Larry Thuet, managing director and co-founder of secondaries advisor Park Hill, tells us whether the market is changing and whether securitisations will increase.
Proponents of GP-led transactions say they are no longer just for private equity firms in need of rescue, but part of a healthy private capital market. Looking at the transactions you are working on, are these ‘healthy’ GP brands?
Yes, we have made that a focus of ours. A healthy manager should be able to create a liquidity solution for an older fund and return capital sooner; it is most often the duration mismatch that needs to get solved. All things being equal, most LPs would prefer a 10-year hold to a 15-year hold.
We have ongoing discussions with best-in-class firms that are looking to provide liquidity and optionality to their LPs. We have very thoughtfully avoided transactions that create misalignment. We have a brand and reputation to protect and we look to align ourselves with the highest calibre GPs.
It’s the time of year when secondaries advisors come out with estimates for the previous year’s market activity. What’s the Park Hill view on 2016?
We have seen numbers ranging from $30 to $37 billion. The market does not consistently account for transaction volume and unfunded commitments. We regularly track the market from a bottom-up perspective and our estimate for 2016 is $35 billion.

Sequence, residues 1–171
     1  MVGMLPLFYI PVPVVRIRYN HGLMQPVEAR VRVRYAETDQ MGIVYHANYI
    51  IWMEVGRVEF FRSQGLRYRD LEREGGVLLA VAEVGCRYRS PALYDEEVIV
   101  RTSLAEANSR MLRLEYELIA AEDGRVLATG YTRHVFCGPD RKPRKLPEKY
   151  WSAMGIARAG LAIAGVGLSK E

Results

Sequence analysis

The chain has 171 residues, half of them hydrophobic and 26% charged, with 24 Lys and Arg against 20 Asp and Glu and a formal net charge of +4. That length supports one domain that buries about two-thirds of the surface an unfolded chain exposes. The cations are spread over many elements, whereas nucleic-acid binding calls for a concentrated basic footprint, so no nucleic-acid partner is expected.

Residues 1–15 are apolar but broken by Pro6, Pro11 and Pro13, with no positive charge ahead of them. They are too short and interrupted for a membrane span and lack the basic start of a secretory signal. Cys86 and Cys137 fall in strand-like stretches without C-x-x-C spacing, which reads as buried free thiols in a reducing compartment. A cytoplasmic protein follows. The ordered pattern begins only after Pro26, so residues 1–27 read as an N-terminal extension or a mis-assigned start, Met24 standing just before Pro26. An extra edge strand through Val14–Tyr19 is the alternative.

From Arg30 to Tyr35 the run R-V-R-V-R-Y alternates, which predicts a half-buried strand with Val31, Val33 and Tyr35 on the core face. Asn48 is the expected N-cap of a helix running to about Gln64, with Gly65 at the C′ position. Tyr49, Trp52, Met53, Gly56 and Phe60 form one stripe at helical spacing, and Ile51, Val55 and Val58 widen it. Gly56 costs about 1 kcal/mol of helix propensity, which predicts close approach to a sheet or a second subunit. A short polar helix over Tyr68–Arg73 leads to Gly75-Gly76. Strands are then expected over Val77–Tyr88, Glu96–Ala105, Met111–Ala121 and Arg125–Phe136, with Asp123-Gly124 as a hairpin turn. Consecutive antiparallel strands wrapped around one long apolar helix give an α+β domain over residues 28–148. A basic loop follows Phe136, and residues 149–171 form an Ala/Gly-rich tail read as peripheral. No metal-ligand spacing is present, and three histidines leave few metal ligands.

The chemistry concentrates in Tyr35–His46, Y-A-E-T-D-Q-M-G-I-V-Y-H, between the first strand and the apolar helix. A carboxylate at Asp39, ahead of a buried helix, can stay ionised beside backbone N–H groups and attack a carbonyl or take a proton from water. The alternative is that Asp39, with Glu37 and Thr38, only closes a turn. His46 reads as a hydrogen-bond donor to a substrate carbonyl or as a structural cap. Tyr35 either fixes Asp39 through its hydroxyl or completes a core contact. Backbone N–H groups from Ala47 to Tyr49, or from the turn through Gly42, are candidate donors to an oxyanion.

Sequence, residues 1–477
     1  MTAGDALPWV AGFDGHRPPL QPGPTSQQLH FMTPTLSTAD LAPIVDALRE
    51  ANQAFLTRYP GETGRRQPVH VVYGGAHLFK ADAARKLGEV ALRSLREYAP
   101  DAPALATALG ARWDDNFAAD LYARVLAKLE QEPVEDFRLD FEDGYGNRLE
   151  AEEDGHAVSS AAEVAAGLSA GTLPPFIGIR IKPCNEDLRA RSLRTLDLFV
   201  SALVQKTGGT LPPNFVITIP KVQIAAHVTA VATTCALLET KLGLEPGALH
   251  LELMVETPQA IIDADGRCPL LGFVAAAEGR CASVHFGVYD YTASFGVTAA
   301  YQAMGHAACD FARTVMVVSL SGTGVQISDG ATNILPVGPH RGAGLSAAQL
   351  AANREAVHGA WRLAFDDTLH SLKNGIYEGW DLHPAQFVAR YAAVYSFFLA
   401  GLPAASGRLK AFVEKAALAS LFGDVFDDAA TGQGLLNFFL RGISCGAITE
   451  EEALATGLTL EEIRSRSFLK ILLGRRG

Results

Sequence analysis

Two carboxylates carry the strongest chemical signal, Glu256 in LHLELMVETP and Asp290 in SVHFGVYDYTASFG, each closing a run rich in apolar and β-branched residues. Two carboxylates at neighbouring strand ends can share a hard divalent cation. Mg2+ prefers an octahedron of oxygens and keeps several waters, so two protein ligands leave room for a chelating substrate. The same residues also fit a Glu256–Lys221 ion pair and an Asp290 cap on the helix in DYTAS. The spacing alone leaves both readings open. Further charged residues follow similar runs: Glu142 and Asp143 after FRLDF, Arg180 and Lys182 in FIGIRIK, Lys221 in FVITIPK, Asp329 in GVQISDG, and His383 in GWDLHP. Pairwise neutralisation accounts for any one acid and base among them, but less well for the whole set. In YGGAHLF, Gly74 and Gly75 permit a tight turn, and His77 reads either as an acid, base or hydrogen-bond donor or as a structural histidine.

This represents a decline on the previous year…
Yes. The last quarter of 2015 and the first of 2016 saw very volatile public markets, which hit LP sentiment around selling. There is also a cyclical issue: if you look at the primary activity in the years 2008 to 2010, less capital was put into the ground. These are the vintages that would naturally start trading in 2016, so there was a dearth of product in the market.
Last year Park Hill advised on the securitisation of $1.1 billion-worth of private equity fund stakes for Singapore’s Temasek. Will this be the first of many ‘collateralised fund obligations’?
I don’t think this type of transaction will transform the industry. These are complicated solutions and very situation- and client-specific. I don’t see them becoming ubiquitous. That said, we expect to bring more CFOs to market this year.
To which situations do they apply?
They make most sense for asset managers and insurance companies, and for some pension plans. Temasek, while it is sovereign-owned, is an asset management business. There was a civic element to what they were trying to achieve, which was to create a product for the retail market in Singapore.
What’s the attraction for an insurance company?
Insurance companies are natural sponsors for this type of transaction because of the RBC [risk-based capital] charge regulators put on equity. The rated debt has a lower capital charge, which allows insurance companies to deploy equity capital more efficiently.
Would other asset managers — the Fidelitys of this world — look at these as a way to create interesting value-add investment products?
Asset managers will look hard at this solution but there aren’t going to be 20 per year from now on…more likely a couple per year for the next few years. [Collateralised fund obligations] will add to secondaries market volume, but not in the same way that the use of leverage or fund recapitalisations has.
This interview originally appeared in the March 2017 issue of sister publication Private Equity International.